Profile image
Story Views

Last Hour:
Last 24 Hours:

CO2-loving plants can counter human emissions

Wednesday, November 9, 2016 5:48
% of readers think this story is Fact. Add your two cents.

Plants temporarily halted the acceleration of rising carbon dioxide concentrations in the atmosphere, new research suggests.

From 2002 through 2014, CO2 levels measured over the oceans climbed from around 372 parts per million to 397 parts per million. But the average rate of that rise remained steady despite increasing carbon emissions from human activities, researchers report online November 8 in Nature Communications. After pouring over climate measurements and simulations, the researchers attribute this steadying to changes in the relative amount of CO2 absorbed and released by plants.

The work is the first to clearly demonstrate that plants can affect the growth rate of atmospheric CO2 over long time periods, says study coauthor Trevor Keenan, an earth systems scientist at Lawrence Berkeley National Laboratory in California. Still, human emissions remain the dominant driver of CO2 levels, he says. “If we keep emitting as much as we are, and what we emit keeps going up, then it won’t matter very much what the plants do.”

Each year, land plants and the oceans remove about 45 percent of the CO2 emitted from human activities. The amount of CO2 absorbed by these natural processes has doubled over the last 50 years.

Plants absorb CO2 through photosynthesis, a process that is more efficient when CO2 is abundant. Plants also release CO2 during respiration when they tap into their stored-up energy. Warmer temperatures increase respiration rates.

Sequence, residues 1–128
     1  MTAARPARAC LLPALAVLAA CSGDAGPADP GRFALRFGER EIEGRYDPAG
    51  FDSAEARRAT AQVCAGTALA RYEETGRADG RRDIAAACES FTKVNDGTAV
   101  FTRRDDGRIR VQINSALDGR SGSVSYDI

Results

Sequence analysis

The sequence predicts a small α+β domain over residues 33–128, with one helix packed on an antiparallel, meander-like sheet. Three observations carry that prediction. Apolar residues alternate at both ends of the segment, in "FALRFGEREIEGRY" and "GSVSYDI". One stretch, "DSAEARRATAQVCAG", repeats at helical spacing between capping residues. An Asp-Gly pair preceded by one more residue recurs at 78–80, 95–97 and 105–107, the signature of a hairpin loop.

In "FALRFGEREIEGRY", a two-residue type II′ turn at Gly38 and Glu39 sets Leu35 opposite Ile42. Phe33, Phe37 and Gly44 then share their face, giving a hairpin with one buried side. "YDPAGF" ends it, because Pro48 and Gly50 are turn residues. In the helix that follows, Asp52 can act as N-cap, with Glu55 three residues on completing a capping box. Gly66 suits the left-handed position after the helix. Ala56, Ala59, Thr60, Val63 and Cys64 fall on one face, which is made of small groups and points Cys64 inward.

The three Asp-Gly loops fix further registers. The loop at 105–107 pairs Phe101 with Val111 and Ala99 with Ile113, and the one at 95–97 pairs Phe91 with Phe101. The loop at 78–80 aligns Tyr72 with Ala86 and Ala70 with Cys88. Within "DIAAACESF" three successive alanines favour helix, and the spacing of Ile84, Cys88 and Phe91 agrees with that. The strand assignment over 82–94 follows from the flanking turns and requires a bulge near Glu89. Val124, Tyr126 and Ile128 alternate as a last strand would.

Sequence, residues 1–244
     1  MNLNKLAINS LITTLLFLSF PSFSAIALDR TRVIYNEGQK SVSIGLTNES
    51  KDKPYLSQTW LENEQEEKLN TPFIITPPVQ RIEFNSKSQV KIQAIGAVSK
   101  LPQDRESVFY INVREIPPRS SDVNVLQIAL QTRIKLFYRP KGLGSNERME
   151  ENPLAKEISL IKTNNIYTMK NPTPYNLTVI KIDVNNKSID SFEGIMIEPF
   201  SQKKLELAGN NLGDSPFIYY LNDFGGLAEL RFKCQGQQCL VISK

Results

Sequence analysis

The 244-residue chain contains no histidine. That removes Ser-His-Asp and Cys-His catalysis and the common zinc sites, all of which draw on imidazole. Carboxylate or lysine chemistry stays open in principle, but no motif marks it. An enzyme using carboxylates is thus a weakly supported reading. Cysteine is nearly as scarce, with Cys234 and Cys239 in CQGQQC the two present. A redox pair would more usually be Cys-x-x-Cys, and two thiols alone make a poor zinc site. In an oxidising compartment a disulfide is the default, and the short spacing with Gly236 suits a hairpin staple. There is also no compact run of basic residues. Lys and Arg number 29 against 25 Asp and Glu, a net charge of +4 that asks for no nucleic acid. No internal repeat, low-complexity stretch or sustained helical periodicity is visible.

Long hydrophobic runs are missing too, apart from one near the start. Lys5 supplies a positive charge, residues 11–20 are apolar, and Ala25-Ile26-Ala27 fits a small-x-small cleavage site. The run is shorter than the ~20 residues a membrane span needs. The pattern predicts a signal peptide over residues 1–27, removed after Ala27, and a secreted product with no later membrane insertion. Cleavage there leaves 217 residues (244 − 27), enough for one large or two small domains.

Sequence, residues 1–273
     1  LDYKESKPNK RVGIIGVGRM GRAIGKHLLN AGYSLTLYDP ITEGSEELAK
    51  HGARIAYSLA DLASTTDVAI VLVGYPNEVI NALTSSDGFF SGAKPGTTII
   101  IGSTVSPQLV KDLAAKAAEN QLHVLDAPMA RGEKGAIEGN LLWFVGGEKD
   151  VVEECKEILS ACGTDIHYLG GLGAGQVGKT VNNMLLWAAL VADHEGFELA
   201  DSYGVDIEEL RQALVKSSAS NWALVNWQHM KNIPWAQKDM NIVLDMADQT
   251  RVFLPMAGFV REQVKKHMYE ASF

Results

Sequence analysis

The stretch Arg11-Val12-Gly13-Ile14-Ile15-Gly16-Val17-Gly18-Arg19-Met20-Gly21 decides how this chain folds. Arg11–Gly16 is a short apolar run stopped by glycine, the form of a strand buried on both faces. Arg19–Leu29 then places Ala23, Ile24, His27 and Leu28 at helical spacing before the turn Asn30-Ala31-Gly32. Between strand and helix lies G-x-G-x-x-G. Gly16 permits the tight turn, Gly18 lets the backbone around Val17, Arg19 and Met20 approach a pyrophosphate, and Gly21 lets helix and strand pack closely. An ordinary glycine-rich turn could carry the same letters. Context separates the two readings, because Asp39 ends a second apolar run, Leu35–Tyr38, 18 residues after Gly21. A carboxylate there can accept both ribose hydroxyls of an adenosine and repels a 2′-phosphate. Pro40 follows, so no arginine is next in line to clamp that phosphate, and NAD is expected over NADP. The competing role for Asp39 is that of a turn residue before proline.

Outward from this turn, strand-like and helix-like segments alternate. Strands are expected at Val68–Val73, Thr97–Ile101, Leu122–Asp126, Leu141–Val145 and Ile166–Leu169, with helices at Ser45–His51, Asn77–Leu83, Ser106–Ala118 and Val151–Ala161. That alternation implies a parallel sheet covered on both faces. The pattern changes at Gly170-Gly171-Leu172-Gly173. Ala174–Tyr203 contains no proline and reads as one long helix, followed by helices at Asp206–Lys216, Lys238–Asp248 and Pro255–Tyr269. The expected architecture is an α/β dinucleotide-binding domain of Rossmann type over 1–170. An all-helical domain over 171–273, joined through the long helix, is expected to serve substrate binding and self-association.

During the early years of the new millennium, the rate of rising CO2 concentrations outpaced the rate of global warming. This caused plants to absorb more CO2 during photosynthesis than they released during respiration. That imbalance slowed the buildup of CO2 in the atmosphere, the researchers propose. While rising CO2 levels had accelerated from a yearly increase of 0.75 parts per million in 1959 to 1.86 parts per million three decades later, between 2002 and 2014 the rate held at around 1.9 parts per million.

We encourage you to Share our Reports, Analyses, Breaking News and Videos. Simply Click your Favorite Social Media Button and Share.

Report abuse


Your Comments
Question   Razz  Sad   Evil  Exclaim  Smile  Redface  Biggrin  Surprised  Eek   Confused   Cool  LOL   Mad   Twisted  Rolleyes   Wink  Idea  Arrow  Neutral  Cry   Mr. Green

Top Stories
Recent Stories



Top Global

Top Alternative



Email this story
Email this story

If you really want to ban this commenter, please write down the reason:

If you really want to disable all recommended stories, click on OK button. After that, you will be redirect to your options page.